In everyday life we experience a range of emotions, such as love, pleasure, anger, depression, anxiety and fear, which represent our instinctive evaluations of our situations. Emotions strongly influence our cognition, behavior and physiology. Consequently, dysregulation of emotions is implicated in various neurological and psychiatric disorders. However, little is known about how our brain produces and regulates various emotions.
Research in our laboratory focuses on finding mechanistic explanations for how various emotional states are assembled and processed in normal brains and how these mechanisms are dysregulated in diseased brains. To address this problem, we use a genetically tractable model system (mice), and we employ a multi-disciplinary approach including optogenetics, in vivo and ex vivo electrophysiology, chemical methods, pharmacology and imaging to dissect neural circuits in exquisite detail.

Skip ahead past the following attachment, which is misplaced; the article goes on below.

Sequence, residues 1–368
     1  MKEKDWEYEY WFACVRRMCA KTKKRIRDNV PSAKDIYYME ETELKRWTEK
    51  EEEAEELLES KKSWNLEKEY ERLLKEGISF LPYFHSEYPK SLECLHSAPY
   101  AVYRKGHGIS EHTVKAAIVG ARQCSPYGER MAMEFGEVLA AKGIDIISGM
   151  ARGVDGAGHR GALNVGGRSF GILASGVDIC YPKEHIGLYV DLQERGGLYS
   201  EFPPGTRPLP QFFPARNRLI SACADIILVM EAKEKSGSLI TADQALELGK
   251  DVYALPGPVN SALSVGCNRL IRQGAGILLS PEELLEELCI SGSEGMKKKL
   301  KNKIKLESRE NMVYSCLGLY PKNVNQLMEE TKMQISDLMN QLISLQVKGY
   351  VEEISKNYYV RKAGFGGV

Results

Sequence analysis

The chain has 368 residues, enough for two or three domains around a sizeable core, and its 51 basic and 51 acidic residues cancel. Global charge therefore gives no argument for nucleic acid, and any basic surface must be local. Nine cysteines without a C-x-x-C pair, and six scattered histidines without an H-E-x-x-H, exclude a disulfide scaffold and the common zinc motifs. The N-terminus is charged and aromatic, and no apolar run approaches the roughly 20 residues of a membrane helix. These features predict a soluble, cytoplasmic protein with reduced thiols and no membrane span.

Other Affiliations: School of Biological Sciences, Interdisciplinary Program in Genetic Engineering, Interdisciplinary Program in Neuroscience, Interdisciplinary Program in Biophysics and Molecular Biology, Brain-Mind-Behavior Undergraduate Program
Our research is generously supported by: